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Facebook's parent company reports a drop in revenue for the first time ever

Facebook parent Meta's results are the latest sign of a protracted slowdown in the digital ad market.
Noah Berger
AFP via Getty Images
Facebook parent Meta's results are the latest sign of a protracted slowdown in the digital ad market.

Updated July 27, 2022 at 7:03 PM ET

Facebook parent Meta was hit with a double whammy in the last three months: revenue fell for the first time ever and profit shrank for the third straight quarter, amid growing competition from TikTok and nervousness from advertisers.

"We seem to have entered an economic downturn that will have a broad impact on the digital advertising business," CEO Mark Zuckerberg told investors on a conference call. "I'd say that the situation seems worse than it did a quarter ago."

He said Meta would slim down spending and slow its pace of hiring to weather the storm.

"This is a period that demands more intensity, and I expect us to get more done with fewer resources," he said.

Meta shares were down on the news, adding to a slide that has cut the company's market value nearly in half since it reported its first-ever drop in daily Facebook users at the end of last year.

Revenue slipped 1% from a year ago to $28.8 billion in the three months ending in June, a bigger drop than Wall Street analysts were expecting. The strengthening dollar was a factor in the revenue decline, Meta said, without which it would have reported a 3% increase.

The company's forecast for sales in the current quarter, of $26 billion to $28.5 billion, was also short of analysts' estimates.

Profit was down 36% to $6.7 billion.

There was a silver lining in Meta's quarterly report, however: people keep using Facebook. The number of people logging on to the flagship social network daily ticked up 3% to 1.97 billion, defying Wall Street's expectations of another decline.

Meta's results are the latest sign of a protracted slowdown in the digital ad market, as businesses pull back on spending amid soaring inflation, interest rate hikes and other economic woes. The company blamed its tepid third-quarter forecast on "weak advertising demand" driven by macroeconomic uncertainty.

Social media companies are also still dealing with the impact of Apple's privacy changes, which have made it harder to target ads to smartphone users based on their online activity.

Investors slashed tens of billions of dollars off the market value of ad-dependent tech companies after Snapchat and Twitter posted disappointing results last week.

Snapchat reported its weakest ever quarterly growth rate – even worse than the company had warned back in May – and said the situation was too uncertain for it to give a financial forecast for the coming months.

Twitter's revenue unexpectedly declined, which the company blamed on nervous advertisers and its fraught deal to sell the company to Elon Musk.

On Tuesday, Google reported its slowest quarterly growth rate since the early days of the pandemic.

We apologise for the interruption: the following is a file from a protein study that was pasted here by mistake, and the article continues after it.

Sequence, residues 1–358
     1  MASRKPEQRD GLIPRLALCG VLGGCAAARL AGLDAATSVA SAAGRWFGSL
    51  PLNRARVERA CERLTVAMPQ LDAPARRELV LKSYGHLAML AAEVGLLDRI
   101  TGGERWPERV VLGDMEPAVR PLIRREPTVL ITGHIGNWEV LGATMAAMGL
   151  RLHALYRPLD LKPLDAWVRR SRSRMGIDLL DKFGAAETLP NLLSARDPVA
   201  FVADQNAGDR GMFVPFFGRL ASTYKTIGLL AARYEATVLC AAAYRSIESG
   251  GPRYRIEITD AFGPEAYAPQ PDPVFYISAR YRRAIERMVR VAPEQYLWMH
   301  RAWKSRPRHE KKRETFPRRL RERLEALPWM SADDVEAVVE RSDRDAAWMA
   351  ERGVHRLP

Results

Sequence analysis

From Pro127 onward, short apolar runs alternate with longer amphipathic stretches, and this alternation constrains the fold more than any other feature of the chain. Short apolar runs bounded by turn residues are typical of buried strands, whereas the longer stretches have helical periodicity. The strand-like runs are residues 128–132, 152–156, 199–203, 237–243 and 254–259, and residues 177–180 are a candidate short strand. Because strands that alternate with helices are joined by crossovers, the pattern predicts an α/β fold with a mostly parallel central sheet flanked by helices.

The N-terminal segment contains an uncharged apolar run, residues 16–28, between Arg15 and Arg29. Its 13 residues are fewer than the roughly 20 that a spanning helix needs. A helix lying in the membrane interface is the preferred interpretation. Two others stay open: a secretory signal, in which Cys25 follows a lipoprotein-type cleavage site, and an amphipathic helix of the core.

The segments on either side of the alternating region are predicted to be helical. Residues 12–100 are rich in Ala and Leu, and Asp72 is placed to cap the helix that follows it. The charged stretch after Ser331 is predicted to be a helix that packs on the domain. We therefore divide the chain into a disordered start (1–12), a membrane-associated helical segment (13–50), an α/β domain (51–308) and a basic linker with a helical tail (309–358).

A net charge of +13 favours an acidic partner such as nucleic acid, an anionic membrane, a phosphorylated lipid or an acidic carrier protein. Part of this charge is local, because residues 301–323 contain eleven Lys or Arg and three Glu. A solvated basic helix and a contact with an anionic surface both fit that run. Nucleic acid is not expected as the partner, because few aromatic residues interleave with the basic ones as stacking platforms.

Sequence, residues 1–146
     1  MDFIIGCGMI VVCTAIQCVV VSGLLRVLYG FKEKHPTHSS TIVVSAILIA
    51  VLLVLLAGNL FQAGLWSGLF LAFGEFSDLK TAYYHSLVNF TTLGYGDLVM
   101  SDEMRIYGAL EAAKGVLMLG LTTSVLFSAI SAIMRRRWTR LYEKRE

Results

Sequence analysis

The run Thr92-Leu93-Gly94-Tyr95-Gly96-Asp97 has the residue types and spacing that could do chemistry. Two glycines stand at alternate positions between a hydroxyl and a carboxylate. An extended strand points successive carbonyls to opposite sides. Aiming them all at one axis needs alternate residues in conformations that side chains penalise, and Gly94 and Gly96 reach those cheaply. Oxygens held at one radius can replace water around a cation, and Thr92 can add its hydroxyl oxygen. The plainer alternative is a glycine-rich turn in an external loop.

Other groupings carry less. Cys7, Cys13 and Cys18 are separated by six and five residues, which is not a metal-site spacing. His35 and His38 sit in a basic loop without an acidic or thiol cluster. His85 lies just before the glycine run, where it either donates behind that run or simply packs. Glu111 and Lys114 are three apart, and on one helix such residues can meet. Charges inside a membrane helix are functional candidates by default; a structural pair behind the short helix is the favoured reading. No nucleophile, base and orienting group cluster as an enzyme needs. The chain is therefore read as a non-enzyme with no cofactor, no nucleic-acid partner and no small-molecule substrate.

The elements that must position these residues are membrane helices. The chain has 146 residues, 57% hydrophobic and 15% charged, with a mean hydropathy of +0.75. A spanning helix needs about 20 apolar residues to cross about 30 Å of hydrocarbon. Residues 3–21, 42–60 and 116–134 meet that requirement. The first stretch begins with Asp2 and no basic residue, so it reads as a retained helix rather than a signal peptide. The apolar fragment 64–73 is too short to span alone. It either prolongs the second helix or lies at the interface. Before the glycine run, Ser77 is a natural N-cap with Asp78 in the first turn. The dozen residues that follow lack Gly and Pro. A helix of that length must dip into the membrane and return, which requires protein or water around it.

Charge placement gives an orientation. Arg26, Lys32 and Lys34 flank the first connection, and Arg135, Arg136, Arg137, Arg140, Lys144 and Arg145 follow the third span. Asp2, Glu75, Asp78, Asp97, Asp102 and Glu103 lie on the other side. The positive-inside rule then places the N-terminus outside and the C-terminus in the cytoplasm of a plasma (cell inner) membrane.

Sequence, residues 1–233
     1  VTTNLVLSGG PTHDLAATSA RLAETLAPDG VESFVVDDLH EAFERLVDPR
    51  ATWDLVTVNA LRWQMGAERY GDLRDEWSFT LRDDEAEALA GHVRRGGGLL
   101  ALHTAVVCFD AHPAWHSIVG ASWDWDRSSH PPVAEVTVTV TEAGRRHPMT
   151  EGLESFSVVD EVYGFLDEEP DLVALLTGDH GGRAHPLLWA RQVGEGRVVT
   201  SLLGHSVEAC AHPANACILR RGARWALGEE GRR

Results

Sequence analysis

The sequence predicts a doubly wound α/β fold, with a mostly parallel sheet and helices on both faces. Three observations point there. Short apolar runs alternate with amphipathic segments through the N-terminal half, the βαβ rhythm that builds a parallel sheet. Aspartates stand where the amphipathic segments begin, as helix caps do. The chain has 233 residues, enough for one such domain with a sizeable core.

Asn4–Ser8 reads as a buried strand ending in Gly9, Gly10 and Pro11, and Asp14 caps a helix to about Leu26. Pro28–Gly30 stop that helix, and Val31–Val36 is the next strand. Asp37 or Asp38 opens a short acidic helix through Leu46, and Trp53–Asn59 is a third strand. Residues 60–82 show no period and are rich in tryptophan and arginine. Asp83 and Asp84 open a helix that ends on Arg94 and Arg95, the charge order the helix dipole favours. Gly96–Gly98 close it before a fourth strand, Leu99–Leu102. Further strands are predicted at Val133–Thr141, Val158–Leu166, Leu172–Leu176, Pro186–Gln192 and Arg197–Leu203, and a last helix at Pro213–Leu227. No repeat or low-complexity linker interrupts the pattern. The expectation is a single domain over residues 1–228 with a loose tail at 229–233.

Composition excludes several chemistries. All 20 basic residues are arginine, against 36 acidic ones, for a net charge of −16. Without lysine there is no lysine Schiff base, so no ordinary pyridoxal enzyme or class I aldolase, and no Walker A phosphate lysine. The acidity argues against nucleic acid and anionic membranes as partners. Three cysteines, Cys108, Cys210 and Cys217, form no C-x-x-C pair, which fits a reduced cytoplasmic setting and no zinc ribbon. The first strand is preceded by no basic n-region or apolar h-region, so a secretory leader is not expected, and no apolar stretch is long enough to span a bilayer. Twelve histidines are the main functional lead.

Faced with increasing competition over a shrinking pool of advertising dollars, Meta is trying to pull off an ambitious pivot. It's revamping Facebook and Instagram to look and work more like TikTok, the Chinese-owned upstart popular among younger users, by filling up users' feeds with short videos from influencers and random strangers.

On Wednesday's earnings call, Zuckerberg said Meta's efforts were boosting engagement, calling out Reels, the company's TikTok-like short video format, and its investment in artificial intelligence technology that recommends content on its apps and helps advertisers target messages.

About 15% of posts that show up in users' Facebook and Instagram feeds are now from accounts they don't follow but the company's AI thinks they may like, Zuckerberg said. Meta aims to more than double that proportion by the end of 2023.

But the company faces an uphill battle: while users are spending more time watching Reels, Meta does not make as much money from ads in those videos as it does in other formats.

In addition, the changes are sparking backlash from some high-profile users. CelebritiesKim Kardashian, Kylie Jenner and Chrissy Teigen all complained this week about Instagram's recent emphasis on video and shift to imitate TikTok.

On Tuesday, Instagram head Adam Mosseri addressed the criticism and acknowledged that some of the app's changes are "not yet good."

But, he said, "I need to be honest. I do believe that more and more of Instagram is going to become video over time."

The world is changing quickly, he said, and the company needs to change with it.

Editor's note: Facebook parent Meta pays NPR to license NPR content.

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Shannon Bond is a business correspondent at NPR, covering technology and how Silicon Valley's biggest companies are transforming how we live, work and communicate.